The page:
The primary selection committee includes notable artists like Ivy Zaman, Dr Rashid Amin, Dulal Chandra Gain, Harunur Rashid Tutul, Shaon Akand and photographer Mofizul Islam.
The final selection committee for selecting the best artworks featured artist Naima Haque, Dr Md Iqbal, Mostafa Zaman Mithu, Anisuzzaman and eminent photographer Nasir Ali Mamun.
The participating artists who were nominated as winners of total 12 awards in 11 categories and one overall grand award winner in the exhibition, received their respective awards, certificates and prize-money at the ceremony.
Artists Soma Surovi Jannat received the title award as the best artist in the exhibition, while artists Md Tariqul Islam (paintings), Mozahidur Rahman Sarkar (sculptures), Md Rafiqul Islam (print illustrations), Sanjay Kumar Pramanik (eastern arts), Imran Hasan (graphics design), Tanvir Hossaim Rhythm (pottery arts), Rubaiyat-E-Sharmin (craft arts), Md Fazlul Haque (new media, video arts), Kuntal Baroi (architectural arts), Naim Hossain (performance arts) and Mohsin Kabir (photographic arts) won awards in respective categories.
Started as a biennale back in 1975, the exhibition has earned recognition from art-lovers around the nation as a festivity and celebration of modern artworks and crafts by artists from all over the country.
The 22nd edition of Young Artists Fine Arts Exhibition will continue from November 30 to December 29, every day from 11am to 6pm on gallery 1, 3, 5, 6 and the sculpture arena at the National Art Gallery.
The pachyderm dubbed the “ world’s loneliest elephant ” after languishing alone for years in a Pakistani zoo was greeted on his arrival in Cambodia on Monday by chanting Buddhist monks and was then sent on his way to a wildlife sanctuary.
Like other travelers during these times, Kaavan needed to be tested for COVID-19 before his flight. Once his large metal crate was safely on board, Kaavan was provided with in-flight snacks — 200 kilograms (440 pounds) of them — for the seven-hour journey.
Kaavan was not stressed during the flight, eating his food and even getting a little bit of sleep standing in his crate, said Amir Khalil, a veterinarian who accompanied him on the flight and works with Four Paws, the Vienna-headquartered animal rescue group that organized the move.
“He behaves like a frequent flier. The flight was uneventful, which is all you can ask for when you transfer an elephant,” Khalil said.
The 36-year-old, 4,080 kilogram (9,000 pound) elephant received a warm welcome on arrival in Cambodia from officials, conservationists and the Buddhist monks, who chanted prayers for his harmony and prosperity.
Kaavan, a 1985 gift from Sri Lanka to Pakistan, had been living in the Marghazar Zoo in Islamabad with his partner Saheli, who died in 2012. The zoo fell on hard times and conditions got so bad that a court in the Pakistani capital ordered the zoo closed in August.
The plight of the male Asian elephant has captured worldwide attention, including from the American singer and actor Cher, who has been closely involved in his rescue and was in Cambodia for Kaavan’s arrival.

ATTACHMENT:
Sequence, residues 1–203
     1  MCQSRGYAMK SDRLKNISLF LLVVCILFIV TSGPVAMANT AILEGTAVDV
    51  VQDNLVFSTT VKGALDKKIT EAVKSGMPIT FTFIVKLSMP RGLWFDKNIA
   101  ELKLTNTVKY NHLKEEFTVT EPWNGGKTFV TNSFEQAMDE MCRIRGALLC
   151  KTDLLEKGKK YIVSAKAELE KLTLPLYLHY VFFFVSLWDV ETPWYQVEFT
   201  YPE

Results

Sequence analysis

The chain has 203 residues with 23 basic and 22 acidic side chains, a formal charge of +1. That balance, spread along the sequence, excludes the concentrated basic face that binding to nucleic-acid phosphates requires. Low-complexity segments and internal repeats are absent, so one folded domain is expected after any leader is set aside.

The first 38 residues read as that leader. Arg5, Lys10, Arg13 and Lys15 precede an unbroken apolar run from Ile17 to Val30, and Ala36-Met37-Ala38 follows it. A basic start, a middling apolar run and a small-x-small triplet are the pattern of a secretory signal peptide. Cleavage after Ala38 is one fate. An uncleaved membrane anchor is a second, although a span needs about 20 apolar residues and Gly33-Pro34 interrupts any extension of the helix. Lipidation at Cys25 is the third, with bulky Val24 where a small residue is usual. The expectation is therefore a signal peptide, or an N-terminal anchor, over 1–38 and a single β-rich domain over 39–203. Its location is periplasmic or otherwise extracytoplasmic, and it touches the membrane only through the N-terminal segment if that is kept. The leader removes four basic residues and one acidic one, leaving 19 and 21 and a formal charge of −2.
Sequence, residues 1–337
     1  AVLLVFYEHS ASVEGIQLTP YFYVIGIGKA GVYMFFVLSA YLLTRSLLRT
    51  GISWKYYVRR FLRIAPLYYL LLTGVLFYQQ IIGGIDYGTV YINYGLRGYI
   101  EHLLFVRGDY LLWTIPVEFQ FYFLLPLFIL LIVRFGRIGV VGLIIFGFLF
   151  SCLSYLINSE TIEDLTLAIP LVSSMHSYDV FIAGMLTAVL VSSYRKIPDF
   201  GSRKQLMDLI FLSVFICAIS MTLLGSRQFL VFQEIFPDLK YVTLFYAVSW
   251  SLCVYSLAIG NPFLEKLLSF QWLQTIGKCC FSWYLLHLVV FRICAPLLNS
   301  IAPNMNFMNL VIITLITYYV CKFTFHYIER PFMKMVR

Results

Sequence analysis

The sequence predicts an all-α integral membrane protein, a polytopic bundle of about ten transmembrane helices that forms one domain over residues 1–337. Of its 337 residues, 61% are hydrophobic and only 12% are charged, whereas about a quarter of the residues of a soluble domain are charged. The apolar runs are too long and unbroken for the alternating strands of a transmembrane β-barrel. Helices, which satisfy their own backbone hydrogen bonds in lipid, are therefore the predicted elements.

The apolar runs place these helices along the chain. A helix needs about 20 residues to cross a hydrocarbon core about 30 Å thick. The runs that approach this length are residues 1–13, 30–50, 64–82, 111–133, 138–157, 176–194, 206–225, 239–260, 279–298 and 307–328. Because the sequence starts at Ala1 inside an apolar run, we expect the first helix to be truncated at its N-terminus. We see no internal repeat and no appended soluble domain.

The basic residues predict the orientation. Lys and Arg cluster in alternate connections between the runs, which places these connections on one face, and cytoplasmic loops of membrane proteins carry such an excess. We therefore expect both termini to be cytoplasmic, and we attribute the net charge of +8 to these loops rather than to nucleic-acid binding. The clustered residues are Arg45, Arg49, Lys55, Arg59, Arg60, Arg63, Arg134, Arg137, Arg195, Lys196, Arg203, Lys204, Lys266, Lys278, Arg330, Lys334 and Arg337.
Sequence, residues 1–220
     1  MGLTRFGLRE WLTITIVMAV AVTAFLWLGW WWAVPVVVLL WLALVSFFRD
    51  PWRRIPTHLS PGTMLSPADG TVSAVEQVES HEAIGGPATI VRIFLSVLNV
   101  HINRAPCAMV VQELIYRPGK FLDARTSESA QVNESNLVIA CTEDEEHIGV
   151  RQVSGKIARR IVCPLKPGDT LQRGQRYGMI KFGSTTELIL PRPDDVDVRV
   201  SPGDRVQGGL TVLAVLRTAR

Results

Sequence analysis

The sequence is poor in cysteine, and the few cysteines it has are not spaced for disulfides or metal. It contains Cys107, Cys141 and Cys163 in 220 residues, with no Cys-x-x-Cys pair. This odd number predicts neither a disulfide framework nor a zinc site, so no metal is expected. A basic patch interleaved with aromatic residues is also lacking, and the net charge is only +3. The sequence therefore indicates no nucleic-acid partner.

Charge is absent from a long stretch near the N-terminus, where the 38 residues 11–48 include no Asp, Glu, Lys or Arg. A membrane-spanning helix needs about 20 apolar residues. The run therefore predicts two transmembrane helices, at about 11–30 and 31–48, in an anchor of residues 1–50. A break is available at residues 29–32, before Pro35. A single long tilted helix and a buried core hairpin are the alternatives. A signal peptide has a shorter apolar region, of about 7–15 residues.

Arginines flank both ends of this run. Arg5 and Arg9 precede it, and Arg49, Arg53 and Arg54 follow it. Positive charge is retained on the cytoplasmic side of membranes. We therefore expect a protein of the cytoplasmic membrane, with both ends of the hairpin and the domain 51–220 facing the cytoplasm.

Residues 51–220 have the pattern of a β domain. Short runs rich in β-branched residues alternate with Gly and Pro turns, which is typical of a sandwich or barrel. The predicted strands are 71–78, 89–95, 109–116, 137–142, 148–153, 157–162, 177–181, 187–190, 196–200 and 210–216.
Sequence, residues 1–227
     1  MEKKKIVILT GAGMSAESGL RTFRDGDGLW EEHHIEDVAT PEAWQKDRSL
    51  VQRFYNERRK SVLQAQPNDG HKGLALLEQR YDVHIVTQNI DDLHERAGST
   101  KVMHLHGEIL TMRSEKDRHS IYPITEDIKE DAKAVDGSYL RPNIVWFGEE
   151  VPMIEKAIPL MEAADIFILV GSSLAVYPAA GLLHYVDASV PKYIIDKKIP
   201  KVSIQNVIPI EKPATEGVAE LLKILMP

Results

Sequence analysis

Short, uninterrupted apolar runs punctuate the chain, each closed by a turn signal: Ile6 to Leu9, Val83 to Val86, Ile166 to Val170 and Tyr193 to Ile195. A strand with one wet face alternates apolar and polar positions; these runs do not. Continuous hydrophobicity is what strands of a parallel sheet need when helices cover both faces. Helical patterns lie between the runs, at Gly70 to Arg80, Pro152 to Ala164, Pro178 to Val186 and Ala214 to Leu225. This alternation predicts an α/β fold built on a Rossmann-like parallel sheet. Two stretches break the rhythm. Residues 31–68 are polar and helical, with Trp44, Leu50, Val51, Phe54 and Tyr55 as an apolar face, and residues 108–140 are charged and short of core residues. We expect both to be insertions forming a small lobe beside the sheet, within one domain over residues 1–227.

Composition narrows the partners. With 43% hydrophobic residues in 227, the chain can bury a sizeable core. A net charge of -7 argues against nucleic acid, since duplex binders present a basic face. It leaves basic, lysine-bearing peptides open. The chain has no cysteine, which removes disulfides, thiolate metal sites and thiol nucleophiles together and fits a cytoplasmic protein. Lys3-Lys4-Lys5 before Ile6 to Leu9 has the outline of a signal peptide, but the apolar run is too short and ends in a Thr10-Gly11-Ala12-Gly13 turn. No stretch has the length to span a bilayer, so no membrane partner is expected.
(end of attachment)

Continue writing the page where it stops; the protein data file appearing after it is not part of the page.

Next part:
Cher’s animal welfare group Free the Wild has worked with Four Paws and the American syndicated columnist and philanthropist, Eric Margolis, to relocate Kaavan — a mission that’s cost about $400,000.
According to Four Paws, very few adult elephants have ever been relocated by plane, so preparations were arduous.
Veterinarians and elephant experts working for Four Paws spent three months in Islamabad, coaching Kaavan three times a day on how to enter and exit safely and without stress his four-ton travel crate, which includes a system that can hold up to 200 liters (53 gallons) of urine.
He was also dangerously overweight due to his unsuitable diet of around 250 kilograms (550 pounds) of sugar cane each day. With Khalil’s help, Kaavan lost 1,000 pounds (450 kilograms) over the past three months.
Kaavan’s wounds are emotional as well as physical. He would spend his days throwing his head from side to side, a stereotypical sign of boredom and misery in an elephant, said Martin Bauer, a spokesman for Four Paws.
The loss of his mate Saheli took a toll on Kaavan’s mental health. Elephants are social animals that thrive on the company of other elephants, Bauer explained. For Kaavan, the last eight years have been akin to living in quarantine — something the world has come to understand all too well amid the coronavirus pandemic, he said.
Late Monday, Kaaven was being driven by truck to a camp in northern Cambodia where he should be able to leave his crate on Tuesday.
“Once Kaavan feels at home in a controlled setting, he will be released in a wildlife sanctuary, in Oddar Meanchey province, in the northern section of Cambodia, where some 600 Asian elephants live in peace and tranquility,” said a statement from Neth Pheaktra, a spokesman for the Environment Ministry. “Pachyderms can live for many years and even at 36, we hope that he will contribute to the gene pool.”